Salt Helps In High Risk Pregnancies

Armen Hareyan's picture

Pregnancy Disorder Preeclampsia

Consuming too much salt may not be good for your blood pressure but too little adds to the danger of pre-eclampsia, the dangerous increase in blood pressure that some women experience in the latter half of pregnancy.

Pre-eclampsia is one of the most common causes of maternal and fetal mortality in the developed world, says Dr. Phillip A. Marsden, Heart and Stroke Foundation Career Investigator. Dr. Marsden is one of many GTA based-researchers receiving funding from the Heart and Stroke Foundation for groundbreaking projects. On October 15th at 3 p.m., these achievements will be celebrated at the Bank of Montreal Institute for Learning, 3550 Pharmacy Avenue, Scarborough, Ontario (416 490 4300).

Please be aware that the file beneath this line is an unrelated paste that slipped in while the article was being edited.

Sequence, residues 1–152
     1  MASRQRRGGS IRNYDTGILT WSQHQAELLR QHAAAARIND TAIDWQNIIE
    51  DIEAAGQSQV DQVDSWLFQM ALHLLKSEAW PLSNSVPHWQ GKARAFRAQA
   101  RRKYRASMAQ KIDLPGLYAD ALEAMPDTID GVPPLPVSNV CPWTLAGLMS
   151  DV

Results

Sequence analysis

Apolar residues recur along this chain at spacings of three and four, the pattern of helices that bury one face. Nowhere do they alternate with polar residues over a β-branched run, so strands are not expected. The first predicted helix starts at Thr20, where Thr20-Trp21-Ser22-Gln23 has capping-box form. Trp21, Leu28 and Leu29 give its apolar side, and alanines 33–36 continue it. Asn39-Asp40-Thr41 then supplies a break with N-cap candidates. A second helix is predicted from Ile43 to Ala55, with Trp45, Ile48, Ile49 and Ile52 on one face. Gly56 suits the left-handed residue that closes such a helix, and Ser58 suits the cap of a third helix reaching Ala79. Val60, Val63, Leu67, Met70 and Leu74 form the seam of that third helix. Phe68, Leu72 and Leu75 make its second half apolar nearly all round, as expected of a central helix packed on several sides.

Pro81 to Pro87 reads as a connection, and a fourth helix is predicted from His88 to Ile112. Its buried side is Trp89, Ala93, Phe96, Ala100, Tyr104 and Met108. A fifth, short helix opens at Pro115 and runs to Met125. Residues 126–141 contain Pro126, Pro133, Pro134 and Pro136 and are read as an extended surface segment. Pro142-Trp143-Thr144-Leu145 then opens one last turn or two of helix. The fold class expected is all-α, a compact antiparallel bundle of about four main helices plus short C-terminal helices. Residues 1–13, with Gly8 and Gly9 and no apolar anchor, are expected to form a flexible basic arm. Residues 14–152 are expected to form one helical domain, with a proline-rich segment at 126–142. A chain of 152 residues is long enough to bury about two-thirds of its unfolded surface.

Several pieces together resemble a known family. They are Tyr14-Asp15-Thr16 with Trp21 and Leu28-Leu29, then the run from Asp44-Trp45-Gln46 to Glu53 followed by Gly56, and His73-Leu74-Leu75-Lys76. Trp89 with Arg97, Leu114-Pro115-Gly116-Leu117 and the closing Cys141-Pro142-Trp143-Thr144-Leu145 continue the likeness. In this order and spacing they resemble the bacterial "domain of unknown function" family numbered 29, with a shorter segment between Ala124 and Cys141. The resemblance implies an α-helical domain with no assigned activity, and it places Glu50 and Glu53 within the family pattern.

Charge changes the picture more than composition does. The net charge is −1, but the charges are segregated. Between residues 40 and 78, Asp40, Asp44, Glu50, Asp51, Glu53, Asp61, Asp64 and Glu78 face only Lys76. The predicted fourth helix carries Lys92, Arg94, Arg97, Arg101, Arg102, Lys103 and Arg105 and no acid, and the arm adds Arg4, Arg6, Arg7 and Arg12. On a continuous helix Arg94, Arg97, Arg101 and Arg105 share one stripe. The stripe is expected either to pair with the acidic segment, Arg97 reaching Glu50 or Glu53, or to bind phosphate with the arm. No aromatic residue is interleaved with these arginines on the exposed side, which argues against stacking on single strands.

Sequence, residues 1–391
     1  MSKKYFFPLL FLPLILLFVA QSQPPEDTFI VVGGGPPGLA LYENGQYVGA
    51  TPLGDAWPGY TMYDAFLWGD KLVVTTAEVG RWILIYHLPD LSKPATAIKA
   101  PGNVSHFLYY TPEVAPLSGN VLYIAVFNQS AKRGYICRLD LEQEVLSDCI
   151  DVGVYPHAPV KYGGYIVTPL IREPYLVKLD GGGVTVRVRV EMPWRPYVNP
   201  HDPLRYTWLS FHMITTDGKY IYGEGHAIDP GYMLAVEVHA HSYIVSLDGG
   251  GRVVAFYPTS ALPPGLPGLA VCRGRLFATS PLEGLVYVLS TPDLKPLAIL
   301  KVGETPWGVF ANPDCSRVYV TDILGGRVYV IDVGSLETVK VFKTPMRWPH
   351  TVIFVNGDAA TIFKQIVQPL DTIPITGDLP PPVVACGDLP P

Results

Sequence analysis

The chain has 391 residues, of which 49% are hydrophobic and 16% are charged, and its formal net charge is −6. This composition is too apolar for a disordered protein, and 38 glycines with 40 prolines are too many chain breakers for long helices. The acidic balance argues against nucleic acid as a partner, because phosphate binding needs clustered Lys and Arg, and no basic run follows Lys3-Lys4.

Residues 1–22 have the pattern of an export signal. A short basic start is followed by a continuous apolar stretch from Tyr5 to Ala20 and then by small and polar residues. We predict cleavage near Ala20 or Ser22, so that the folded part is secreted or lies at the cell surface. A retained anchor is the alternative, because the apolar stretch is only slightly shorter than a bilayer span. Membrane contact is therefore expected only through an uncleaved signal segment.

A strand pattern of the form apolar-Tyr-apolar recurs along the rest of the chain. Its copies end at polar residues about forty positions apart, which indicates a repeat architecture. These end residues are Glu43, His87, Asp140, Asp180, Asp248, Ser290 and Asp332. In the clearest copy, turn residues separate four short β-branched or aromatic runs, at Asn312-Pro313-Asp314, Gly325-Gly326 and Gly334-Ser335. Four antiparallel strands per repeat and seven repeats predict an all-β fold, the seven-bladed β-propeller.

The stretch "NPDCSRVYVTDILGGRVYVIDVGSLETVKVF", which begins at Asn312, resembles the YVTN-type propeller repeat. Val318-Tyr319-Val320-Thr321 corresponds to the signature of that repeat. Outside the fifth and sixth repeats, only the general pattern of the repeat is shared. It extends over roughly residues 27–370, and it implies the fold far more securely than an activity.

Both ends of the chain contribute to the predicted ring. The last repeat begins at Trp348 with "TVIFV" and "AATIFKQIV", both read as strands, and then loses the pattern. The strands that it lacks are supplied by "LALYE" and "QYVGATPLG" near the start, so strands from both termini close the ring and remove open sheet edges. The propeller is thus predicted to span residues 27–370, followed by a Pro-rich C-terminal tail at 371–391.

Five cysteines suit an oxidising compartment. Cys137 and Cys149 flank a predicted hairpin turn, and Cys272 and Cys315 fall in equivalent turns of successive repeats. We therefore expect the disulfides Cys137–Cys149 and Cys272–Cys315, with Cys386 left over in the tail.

"We need to increase public awareness about pre-eclampsia. Women should know as much about this disease as they do about the warning signs of heart disease because. One in twenty of them is going to get it," he says.

Nephrologist Dr. Marsden says that the endothelial cells of mother's body stop working properly in this disease. These are the cells that line the inside of blood vessels. For instance, abnormalities of nitric oxide release from blood vessels in pregnant women is a prime suspect in pre-eclampsia. Nitric oxide is key to regulating oxygen and nutrient delivery in the womb, which is essential to the developing baby. Lack of nitric oxide can cause soaring blood pressure, blood clotting, derangements of salt metabolism and kidney damage.

Corn Flakes

Dr. Marsden has a vested interest in pre-eclampsia because he was a